Differentiate between globular and fibrous proteins.
|Fibrous protein||Globular protein|
|It is a fibre-like structure formed by the polypeptide chain. These proteins are held together by strong hydrogen and disulphide bonds.||The polypeptide chain in this protein is folded around itself, giving rise to a spherical structure.|
|It is usually insoluble in water.||It is usually soluble in water.|
|Fibrous proteins are usually used for structural purposes. For example, keratin is present in nails and hair; collagen in tendons; and myosin in muscles.||All enzymes are globular proteins. Some hormones such as insulin are also globular proteins.|
Fibrous proteins: These proteins consist of linear thread like molecules which tend to lie side by side (parallel) to form fibres. The polypeptide chains in them are held together usually at many points by hydrogen bonds and some disulphide bonds. As a result,intermolecular forces of attraction are very’ strong and hence fibrous proteins are insoluble in water. Further, these proteins are stable to moderate changes in temperature and pH. Fibrous proteins serve as the chief structural material of animal tissues.For example, keratin in skin, hair, nails and wool, collagen in tendons, fibrosis in silk and myosin in muscles.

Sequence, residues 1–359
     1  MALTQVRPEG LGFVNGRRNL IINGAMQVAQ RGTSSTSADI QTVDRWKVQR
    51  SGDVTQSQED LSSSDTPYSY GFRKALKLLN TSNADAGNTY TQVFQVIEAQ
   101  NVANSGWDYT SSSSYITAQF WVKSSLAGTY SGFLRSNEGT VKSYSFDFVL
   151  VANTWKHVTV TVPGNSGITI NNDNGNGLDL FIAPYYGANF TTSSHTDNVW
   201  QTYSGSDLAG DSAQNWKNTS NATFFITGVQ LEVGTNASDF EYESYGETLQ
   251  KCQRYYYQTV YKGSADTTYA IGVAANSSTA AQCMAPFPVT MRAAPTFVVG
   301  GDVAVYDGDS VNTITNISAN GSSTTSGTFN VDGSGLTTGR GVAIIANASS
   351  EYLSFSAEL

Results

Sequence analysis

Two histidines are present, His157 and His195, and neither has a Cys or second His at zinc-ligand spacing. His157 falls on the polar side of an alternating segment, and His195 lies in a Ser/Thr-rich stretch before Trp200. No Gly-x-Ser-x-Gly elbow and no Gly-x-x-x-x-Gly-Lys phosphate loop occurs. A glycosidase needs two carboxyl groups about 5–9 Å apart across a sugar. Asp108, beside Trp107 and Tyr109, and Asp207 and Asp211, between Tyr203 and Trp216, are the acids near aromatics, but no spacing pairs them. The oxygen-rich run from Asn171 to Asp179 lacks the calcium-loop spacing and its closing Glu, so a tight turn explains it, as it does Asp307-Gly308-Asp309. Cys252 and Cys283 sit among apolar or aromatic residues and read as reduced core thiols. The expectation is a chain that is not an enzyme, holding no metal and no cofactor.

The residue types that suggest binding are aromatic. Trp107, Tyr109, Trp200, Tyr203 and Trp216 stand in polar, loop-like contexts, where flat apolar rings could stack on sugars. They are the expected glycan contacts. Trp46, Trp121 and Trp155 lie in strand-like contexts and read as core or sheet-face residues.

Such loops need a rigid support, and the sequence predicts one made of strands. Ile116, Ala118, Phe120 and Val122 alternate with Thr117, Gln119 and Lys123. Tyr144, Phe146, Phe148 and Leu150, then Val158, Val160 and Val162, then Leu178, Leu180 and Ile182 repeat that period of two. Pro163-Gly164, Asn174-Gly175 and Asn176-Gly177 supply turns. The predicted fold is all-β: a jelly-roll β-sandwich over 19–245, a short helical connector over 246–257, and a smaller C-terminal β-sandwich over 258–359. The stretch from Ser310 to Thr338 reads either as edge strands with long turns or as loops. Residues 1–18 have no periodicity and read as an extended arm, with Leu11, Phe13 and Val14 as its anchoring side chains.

Globular proteins: The polypeptide chain in these proteins is folded around itself in such a way so as to give the entire protein molecule an almost spheroidal shape. The folding takes place in such a manner that hydrophobic (non-polar) parts are pushed inwards and hydrophilic (polar) parts are pushed outwards. As a result, water molecules interact strongly with the polar groups and hence globular protein are water soluble. As compared to fibrous proteins, these are very sensitive to small changes of temperature and pH. This class of proteins include all enzymes, many hormones such as insulin from pancreas, thyroglobulin from thyroid gland, etc.